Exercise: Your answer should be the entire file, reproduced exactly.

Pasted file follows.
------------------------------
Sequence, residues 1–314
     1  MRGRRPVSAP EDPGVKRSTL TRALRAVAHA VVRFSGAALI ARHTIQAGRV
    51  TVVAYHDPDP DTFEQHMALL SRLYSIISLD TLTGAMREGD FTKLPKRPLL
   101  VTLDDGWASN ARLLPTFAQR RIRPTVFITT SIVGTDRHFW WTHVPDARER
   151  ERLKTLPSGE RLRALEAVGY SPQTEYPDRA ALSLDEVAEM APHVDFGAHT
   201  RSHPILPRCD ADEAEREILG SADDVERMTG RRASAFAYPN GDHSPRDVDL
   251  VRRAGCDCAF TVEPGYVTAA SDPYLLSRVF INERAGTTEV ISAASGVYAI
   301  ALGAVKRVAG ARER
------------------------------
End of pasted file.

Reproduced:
Sequence, residues 1–314
     1  MRGRRPVSAP EDPGVKRSTL TRALRAVAHA VVRFSGAALI ARHTIQAGRV
    51  TVVAYHDPDP DTFEQHMALL SRLYSIISLD TLTGAMREGD FTKLPKRPLL
   101  VTLDDGWASN ARLLPTFAQR RIRPTVFITT SIVGTDRHFW WTHVPDARER
   151  ERLKTLPSGE RLRALEAVGY SPQTEYPDRA ALSLDEVAEM APHVDFGAHT
   201  RSHPILPRCD ADEAEREILG SADDVERMTG RRASAFAYPN GDHSPRDVDL
   251  VRRAGCDCAF TVEPGYVTAA SDPYLLSRVF INERAGTTEV ISAASGVYAI
   301  ALGAVKRVAG ARER